(from Native Circle)
The Thanksgiving Myth
by John Two-Hawks
Let me begin by stating that thousands of years before the 'official'
Thanksgiving Day was proclaimed by Governor Winthrop of the
Massachussetts Bay Colony in 1637, North American Indigenous
people across the continent had celebrated seasons of Thanksgiving.
'Thanksgiving' is a very ancient concept to American Indian nations.
The big problem with the American Thanksgiving holiday is its false
association with American Indian people. The infamous 'Indians and
pilgrims' myth. It is good to celebrate Thanksgiving, to be thankful
for your blessings. It is not good to distort history, to falsely portray
the origin of this holiday and lie about the truth of its actual inception.
Here are some accurate historical facts about the true origin of this
American holiday that may interest you...
'Thanksgiving' did not begin as a great loving relationship between the
pilgrims and the Wampanoag, Pequot and Narragansett people. In fact,
in October of 1621 when the 'pilgrim' survivors of their first winter in
Turtle Island sat down to share the first unofficial 'Thanksgiving' meal,
the Indians who were there were not even invited! There was no turkey,
squash, cranberry sauce or pumpkin pie. A few days before this alleged
feast took place, a company of 'pilgrims' led by Miles Standish actively
sought the head of a local Indian leader, and an 11 foot high wall was
erected around the entire Plymouth settlement for the very purpose of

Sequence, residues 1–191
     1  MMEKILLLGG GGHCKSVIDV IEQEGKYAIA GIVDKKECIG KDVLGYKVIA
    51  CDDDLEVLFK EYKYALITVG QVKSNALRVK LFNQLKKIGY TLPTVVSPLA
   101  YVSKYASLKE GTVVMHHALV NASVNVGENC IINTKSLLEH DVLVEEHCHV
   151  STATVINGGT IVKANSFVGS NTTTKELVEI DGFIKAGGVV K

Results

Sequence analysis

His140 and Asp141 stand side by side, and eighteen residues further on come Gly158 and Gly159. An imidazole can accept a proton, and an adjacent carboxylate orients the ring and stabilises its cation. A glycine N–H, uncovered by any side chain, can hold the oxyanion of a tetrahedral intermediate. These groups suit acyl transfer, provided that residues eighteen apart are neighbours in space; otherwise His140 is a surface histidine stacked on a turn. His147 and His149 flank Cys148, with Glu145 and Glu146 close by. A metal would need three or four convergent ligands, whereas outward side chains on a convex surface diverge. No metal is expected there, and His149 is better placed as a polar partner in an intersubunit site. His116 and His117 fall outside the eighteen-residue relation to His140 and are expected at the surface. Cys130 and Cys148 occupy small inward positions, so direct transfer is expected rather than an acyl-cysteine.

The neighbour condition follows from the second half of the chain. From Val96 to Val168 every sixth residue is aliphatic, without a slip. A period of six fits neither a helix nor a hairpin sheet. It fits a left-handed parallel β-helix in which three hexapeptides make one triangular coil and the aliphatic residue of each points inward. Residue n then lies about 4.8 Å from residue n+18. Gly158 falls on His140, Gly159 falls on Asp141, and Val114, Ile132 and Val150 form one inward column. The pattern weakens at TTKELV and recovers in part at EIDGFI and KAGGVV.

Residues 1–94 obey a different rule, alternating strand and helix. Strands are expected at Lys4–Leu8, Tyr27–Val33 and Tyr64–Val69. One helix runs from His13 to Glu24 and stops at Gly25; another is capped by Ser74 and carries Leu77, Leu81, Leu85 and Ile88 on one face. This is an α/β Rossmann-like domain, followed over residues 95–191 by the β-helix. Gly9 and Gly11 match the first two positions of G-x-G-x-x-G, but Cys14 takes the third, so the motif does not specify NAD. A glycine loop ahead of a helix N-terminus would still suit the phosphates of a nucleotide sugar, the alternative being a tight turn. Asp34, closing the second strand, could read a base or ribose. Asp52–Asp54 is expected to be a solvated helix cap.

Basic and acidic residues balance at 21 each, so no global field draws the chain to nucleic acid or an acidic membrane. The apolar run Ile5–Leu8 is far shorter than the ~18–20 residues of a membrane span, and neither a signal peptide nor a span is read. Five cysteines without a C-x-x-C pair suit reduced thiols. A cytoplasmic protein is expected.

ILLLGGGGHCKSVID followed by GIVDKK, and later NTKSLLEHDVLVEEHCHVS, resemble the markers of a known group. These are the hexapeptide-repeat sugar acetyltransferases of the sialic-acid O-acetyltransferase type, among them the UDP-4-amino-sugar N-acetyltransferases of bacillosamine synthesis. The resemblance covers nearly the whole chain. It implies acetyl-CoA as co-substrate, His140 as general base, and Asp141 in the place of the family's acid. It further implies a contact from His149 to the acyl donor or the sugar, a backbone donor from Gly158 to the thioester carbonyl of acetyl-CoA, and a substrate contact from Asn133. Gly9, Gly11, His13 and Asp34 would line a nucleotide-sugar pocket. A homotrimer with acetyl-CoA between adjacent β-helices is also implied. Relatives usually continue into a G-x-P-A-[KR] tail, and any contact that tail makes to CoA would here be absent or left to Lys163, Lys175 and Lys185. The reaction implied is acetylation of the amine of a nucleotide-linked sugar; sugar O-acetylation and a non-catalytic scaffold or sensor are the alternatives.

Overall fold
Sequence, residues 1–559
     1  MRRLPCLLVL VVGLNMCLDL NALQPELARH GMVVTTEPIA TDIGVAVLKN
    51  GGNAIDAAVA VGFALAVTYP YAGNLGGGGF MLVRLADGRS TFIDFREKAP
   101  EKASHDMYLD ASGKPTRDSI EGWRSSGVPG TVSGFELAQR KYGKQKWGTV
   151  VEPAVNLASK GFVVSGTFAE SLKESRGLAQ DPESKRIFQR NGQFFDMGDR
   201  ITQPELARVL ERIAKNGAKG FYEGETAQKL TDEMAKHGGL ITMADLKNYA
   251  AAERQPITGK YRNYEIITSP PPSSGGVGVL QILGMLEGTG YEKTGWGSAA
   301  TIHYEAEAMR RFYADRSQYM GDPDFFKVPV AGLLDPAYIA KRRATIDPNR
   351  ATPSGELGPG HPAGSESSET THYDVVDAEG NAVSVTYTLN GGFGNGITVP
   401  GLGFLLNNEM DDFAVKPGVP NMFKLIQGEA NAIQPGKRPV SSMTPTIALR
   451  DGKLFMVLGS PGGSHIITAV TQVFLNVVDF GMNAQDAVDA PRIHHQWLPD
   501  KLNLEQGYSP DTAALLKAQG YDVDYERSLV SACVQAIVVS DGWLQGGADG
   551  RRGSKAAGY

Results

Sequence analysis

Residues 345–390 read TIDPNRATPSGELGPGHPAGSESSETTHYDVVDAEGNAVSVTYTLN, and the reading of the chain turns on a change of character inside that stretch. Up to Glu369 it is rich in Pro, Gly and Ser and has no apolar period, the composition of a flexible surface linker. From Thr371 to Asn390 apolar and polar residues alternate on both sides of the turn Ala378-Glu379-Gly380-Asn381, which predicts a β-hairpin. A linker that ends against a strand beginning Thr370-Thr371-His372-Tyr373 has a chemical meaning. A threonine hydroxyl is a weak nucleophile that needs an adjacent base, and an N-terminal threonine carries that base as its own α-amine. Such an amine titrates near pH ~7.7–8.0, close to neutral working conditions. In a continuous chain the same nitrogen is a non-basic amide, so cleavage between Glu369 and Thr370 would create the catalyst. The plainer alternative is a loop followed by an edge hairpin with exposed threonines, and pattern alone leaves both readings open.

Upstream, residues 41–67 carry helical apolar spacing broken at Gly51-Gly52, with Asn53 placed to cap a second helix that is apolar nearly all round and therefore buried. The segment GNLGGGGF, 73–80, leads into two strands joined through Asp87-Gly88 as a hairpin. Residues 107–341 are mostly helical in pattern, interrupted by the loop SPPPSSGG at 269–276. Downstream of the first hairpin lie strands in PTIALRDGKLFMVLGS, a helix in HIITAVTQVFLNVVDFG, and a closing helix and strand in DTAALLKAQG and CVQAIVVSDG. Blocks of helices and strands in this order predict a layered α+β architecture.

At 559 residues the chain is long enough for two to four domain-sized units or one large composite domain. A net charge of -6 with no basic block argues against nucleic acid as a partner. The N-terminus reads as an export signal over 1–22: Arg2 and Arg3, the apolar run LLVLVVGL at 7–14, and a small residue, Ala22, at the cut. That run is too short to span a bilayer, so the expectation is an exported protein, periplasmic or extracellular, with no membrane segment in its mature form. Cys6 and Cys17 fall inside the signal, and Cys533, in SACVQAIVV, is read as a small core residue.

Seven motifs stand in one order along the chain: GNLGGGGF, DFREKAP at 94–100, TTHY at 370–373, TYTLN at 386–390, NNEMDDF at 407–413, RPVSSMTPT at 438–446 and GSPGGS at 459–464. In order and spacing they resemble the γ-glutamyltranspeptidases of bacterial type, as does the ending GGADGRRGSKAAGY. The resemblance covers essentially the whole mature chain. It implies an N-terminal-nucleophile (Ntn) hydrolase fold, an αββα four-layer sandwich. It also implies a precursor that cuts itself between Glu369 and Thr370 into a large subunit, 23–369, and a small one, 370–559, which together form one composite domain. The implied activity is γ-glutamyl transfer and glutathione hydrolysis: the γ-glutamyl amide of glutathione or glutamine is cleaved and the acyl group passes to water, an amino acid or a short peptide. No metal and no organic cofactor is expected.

keeping Indians out! Officially, the holiday we know as 'Thanksgiving'
actually came into existence in the year 1637. Governor Winthrop of the
Massachussetts Bay Colony proclaimed this first official day of Thanksgiving
and feasting to celebrate the return of the colony's men who had arrived
safely from what is now Mystic, Connecticut. They had gone there to
participate in the massacre of over 700 Pequot men, women and children,
and Mr. Winthrop decided to dedicate an official day of thanksgiving
complete with a feast to 'give thanks' for their great 'victory'....
As hard as it may be to conceive, this is the actual origin of our current
Thanksgiving Day holiday. Many American Indian people these days do
not observe this holiday, for obvious reasons. I see nothing wrong with
gathering with family to give thanks to our Creator for our blessings and
sharing a meal. I do, however, hope that Americans as a whole will one
day acknowledge the true origin of this holiday, and remember the pain,
loss, and agony of the Indigenous people who suffered at the hands of
the so-called 'pilgrims'. It is my hope that children's plays about 'the
first Thanksgiving', complete with Indians and pilgrims chumming at
the dinner table, will someday be a thing of the past. Why perpetuate
a lie? Let us face the truths of the past, and give thanks that we are
learning to love one another for the rich human diversity we share.
(Written by John Two-Hawks)